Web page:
Travel misery for London commuters as union begins five-day strike
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Passengers disembark a Southern train at Victoria Station in London, Britain August 8, 2016. REUTERS/Neil Hall
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LONDON (Reuters) - Hundreds of thousands of train commuters in London and southern England were facing misery on Monday as rail staff began a five-day strike in a safety row over who opens and closes the doors.
Southern, which runs trains from destinations such as Brighton and Gatwick Airport, has said only 60 percent of its services would operate during the week-long stoppage, the longest British rail walkout for almost 50 years, and no trains would operate at all on some routes.
The strike adds to the problems of weary passengers who have suffered months of cancellations and delays because of high levels of staff sickness, while in July Southern axed 341 trains, about 15 percent, to provide what it said would be a more regular service.
The dispute centers on the role of conductors, staff who currently have responsibility for opening and closing the carriage doors. The RMT union, one of Britain's most militant, says Southern wants to extend the use of driver-only operated trains and so reduce the safety role the conductors play.
Govia Thameslink Railway (GTR), Britain's largest train operator which owns Southern, says the changes would lead to fewer train cancellations as services would no longer require both drivers and conductors.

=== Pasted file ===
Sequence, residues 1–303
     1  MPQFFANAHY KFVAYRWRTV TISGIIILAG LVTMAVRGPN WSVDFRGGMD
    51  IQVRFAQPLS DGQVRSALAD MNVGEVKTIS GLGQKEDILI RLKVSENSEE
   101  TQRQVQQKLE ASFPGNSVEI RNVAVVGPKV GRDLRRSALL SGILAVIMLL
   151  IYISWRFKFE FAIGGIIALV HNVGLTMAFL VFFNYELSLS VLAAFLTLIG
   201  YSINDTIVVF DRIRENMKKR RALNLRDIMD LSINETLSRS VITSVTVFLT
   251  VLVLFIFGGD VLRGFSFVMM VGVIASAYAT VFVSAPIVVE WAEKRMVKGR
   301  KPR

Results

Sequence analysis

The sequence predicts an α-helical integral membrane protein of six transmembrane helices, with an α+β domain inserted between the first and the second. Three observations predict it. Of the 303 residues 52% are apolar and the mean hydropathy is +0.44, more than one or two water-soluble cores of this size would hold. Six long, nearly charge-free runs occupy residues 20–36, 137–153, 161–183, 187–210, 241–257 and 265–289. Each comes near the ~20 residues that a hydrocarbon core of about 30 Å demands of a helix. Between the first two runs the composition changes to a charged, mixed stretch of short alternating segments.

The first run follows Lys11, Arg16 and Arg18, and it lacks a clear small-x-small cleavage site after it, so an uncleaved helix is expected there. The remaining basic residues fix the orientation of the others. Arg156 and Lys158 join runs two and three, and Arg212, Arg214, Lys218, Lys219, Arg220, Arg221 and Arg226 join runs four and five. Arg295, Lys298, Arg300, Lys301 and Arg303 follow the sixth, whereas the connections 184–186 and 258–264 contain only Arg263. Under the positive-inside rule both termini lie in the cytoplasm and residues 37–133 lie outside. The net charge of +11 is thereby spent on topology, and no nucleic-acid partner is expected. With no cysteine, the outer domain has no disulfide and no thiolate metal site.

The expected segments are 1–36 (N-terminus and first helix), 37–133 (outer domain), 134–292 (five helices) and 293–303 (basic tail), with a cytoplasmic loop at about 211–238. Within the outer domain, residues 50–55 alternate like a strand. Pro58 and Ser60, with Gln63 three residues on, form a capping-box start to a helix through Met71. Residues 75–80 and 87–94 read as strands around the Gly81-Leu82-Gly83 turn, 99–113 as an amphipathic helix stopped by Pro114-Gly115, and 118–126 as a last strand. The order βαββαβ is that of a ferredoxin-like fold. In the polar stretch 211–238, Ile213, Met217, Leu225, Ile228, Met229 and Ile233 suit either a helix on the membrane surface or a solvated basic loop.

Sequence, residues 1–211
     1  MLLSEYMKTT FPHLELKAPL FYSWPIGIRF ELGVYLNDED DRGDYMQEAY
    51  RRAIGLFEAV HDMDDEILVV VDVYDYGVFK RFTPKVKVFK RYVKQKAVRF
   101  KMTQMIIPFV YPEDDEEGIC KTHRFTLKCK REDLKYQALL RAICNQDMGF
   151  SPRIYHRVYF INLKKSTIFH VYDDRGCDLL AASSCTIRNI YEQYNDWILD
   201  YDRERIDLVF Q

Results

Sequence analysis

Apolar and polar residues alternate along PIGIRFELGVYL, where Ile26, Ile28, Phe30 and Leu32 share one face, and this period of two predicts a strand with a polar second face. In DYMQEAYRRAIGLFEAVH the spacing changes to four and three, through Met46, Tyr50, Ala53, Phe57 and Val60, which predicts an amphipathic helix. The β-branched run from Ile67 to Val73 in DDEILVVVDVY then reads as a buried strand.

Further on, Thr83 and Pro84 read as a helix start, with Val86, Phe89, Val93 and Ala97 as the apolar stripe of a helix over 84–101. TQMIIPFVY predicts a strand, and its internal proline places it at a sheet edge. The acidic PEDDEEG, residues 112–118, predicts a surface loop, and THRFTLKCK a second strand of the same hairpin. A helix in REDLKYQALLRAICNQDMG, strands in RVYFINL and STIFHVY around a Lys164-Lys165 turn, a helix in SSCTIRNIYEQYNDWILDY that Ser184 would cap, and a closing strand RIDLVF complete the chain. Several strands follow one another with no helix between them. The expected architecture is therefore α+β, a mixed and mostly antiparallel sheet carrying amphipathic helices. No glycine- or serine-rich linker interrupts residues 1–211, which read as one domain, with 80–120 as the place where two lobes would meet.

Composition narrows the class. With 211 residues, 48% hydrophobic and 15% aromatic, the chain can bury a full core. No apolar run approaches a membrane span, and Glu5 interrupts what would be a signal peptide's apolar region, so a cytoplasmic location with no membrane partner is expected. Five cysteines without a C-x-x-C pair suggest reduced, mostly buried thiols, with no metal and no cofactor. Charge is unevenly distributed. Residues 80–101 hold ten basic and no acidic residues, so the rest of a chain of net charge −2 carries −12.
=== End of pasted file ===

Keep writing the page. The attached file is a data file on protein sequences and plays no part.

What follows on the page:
"Our fight is with the company and the government who have dragged this franchise into total meltdown," said RMT General Secretary Mick Cash. "We share the anger and frustration of passengers and we cannot sit back while jobs and safety are compromised on these dangerously overcrowded trains."
During mediation talks last week, the union said it had offered to call off the strike if GTR promised there would be a second staff member on trains while negotiations continued.
However, the talks failed as GTR said in times of disruption, there might be occasions when they would let trains run with just a driver.
The company's Chief Executive Charles Horton said their planned changes would improve services for passengers and had provided guarantees about the future role of conductors but the RMT had refused to negotiate.
"The RMT union is letting everyone down and the action they are taking this week is unnecessary, unacceptable and unjustified," he told BBC radio.
The opposition Labour Party accused the government of failing to help resolve the dispute because of an anti-union agenda but Prime Minister Theresa May's spokeswoman said the strike would not solve anything.
"It is not helping passengers traveling on these trains whether people have concerns about safety or not," she said.
(Reporting by Michael Holden and Kylie MacLellan; editing by Stephen Addison)
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